Privacy for homeowners has encountered a new frontier: privacy is no longer limited to visual and audio encroachments, no longer merely susceptible to just telescoping cameras and audio bugs, but due to the hyperconnected Internet world now available in almost all residential neighborhoods (in fact “good internet” is now almost as sought after as “clean water”), residential neighborhoods are vulnerable to a whole new source of transgressions against their personal privacy. Who are these transgressors and what do they want from us?

These new intruders are no longer interested in spotting you in your skivvies. They’re not even attempting to tape your conversations. This new breed of intruders wants to mine the little bits and pieces of data that are off-gassed by your cyber life and manipulate this data for possible fraud for their own personal financial gain. To be clear: they are thieves. Like Willy Sutton’s advice, they are going where the money is. And where is that? Residential neighborhoods, that's where. Banks and businesses have money too of course, but they're often better fortified than the residents of single family homes and condos that still primarily view the Internet as entertainment. The average person forgets that they're actually conducting serious business on the internet and have placed a great deal of information about themselves on their home networks. 

Not only is it now more important than ever to screen your garbage, making sure that nothing with personal identifiable information (PII) is cast into the public refuse domain, but consumers must also adopt a more vigilant attitude around maintaining the privacy of their cyber identify from the public cyber domain, from both cyber criminals and cyber corporations. We are best advised to not allow any PII to go public: bills, meetings, vacations, grades, car repairs, etc. Almost anything can be used by a clever criminal or a relentless corporation to steal your money or get you to spend money.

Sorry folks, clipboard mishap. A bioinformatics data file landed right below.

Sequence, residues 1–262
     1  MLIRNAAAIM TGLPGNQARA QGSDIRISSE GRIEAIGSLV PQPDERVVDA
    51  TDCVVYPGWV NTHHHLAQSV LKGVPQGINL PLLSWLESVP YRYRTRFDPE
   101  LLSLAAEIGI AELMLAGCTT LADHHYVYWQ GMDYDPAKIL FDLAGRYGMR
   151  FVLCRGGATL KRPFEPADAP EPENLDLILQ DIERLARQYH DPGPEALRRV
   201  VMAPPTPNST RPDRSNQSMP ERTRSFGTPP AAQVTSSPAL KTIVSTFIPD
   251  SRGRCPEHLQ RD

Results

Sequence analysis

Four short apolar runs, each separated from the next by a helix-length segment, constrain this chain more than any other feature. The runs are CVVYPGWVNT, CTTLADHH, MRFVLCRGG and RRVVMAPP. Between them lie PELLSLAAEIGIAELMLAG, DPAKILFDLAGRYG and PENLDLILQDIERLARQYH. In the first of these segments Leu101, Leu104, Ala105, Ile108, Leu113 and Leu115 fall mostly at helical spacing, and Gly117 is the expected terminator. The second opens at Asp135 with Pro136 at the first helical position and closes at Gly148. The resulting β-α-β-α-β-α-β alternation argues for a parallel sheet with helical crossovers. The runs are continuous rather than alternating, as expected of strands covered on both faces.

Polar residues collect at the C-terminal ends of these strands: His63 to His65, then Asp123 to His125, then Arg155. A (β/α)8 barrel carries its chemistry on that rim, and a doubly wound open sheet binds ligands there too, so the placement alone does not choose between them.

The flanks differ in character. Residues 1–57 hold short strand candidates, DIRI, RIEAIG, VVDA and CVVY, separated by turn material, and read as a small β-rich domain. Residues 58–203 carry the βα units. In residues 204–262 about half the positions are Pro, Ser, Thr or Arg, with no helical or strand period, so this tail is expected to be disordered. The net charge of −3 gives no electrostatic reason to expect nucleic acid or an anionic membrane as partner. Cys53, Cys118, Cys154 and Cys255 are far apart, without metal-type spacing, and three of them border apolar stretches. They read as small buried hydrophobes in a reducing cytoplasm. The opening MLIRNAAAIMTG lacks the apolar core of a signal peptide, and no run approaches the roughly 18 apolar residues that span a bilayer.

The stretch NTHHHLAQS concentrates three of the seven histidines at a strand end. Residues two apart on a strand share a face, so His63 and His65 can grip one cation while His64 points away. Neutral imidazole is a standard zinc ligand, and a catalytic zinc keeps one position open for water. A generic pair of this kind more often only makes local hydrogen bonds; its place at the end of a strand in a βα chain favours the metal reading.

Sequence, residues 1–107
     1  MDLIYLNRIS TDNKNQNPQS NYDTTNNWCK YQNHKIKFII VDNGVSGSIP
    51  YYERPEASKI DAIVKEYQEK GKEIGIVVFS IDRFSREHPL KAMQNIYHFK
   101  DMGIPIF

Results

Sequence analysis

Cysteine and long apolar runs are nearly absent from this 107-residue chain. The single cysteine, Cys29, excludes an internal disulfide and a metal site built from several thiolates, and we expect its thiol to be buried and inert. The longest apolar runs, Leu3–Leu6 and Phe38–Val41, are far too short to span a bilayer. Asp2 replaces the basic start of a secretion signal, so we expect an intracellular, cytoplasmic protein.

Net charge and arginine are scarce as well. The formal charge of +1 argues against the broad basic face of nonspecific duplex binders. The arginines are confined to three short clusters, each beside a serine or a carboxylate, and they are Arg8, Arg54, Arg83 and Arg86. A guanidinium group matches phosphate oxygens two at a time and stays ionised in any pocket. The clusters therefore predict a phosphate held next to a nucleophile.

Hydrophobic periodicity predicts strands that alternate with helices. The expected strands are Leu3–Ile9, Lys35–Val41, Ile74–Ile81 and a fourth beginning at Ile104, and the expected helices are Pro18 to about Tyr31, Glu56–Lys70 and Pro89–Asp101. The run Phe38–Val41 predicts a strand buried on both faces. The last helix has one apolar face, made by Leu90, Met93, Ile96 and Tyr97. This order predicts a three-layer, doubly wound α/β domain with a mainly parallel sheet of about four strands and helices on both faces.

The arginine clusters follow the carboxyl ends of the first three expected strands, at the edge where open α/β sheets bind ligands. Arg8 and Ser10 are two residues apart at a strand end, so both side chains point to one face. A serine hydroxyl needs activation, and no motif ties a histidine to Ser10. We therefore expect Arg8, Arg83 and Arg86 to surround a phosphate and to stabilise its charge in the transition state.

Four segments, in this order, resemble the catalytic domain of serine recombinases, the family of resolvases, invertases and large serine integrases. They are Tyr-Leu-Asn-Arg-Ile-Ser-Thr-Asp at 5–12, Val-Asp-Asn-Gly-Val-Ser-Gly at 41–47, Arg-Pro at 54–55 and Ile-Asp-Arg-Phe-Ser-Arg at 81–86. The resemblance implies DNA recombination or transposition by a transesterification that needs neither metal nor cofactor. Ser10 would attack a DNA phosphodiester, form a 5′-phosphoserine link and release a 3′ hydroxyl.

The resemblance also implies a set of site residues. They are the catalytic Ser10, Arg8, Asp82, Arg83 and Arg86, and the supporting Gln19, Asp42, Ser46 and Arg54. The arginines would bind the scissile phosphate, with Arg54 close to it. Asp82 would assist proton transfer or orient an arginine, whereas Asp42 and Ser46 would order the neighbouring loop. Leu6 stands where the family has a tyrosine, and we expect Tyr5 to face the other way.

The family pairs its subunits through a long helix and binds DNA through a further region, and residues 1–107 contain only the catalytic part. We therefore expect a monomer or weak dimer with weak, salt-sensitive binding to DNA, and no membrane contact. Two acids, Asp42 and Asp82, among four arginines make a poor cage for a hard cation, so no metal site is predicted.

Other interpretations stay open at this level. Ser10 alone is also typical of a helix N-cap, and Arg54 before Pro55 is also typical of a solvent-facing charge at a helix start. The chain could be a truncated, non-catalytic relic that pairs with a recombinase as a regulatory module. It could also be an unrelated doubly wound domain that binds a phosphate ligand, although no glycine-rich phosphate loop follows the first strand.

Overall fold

Even more fundamentally then just taking our money is the sense of violation that accompanies a data privacy breach. Some people may ask, “Why do I care if they learn about my Madison water utility bill?” Let me partially answer that by asking “Why are we so nervous about being spotted in our jammies?” It's because privacy is ancient, it’s in our evolutionary foundation, it is a core primitive urge. As individuals, we want to choose when to reveal ourselves. We own our privacy, we pay a lot for our homes to be secure and private and we don’t want to relinquish that control. When our trash is picked through or our mobile phone is sniffed, we're no longer deciding what will be revealed about ourselves, not to mention what will be done with that data. Perhaps we're not that bashful about being caught lederhosen-less by the mailman, but if that same exact exposure were purposely taken by a creepy voyeur, we would be extremely alarmed. In our collective sense of justice, we get to decide what we reveal about ourselves. In this regard, privacy is akin to trust. So, who can and should we trust?

By definition, we surrender some privacy to family, friends, and close business associates such as financial advisors, CPA’s, attorneys, estate planners, mortgage lenders, title companies and, last but not least, Realtors. After all, we already share our homes and lives with family and friends, but even this arrangement is on a well understood basis of consent. When little brother reads big sister’s diary, there's no confusion about what lines were crossed. But when Big Brother collects data tidbits around every transaction, consumption, and display of preferences registered on the internet, there's suddenly an enormous and deliberate cloud of confusion over what, why, and when laws are being broken. The way corporate America would like to spin this is that they’re so conscientious about your consumer needs they’re willing to gather this data in order to better serve you. But how convenient is it for corporations to promote this mindset? We all know full well that it’s extremely self-serving: the fact is that corporate America is milking you.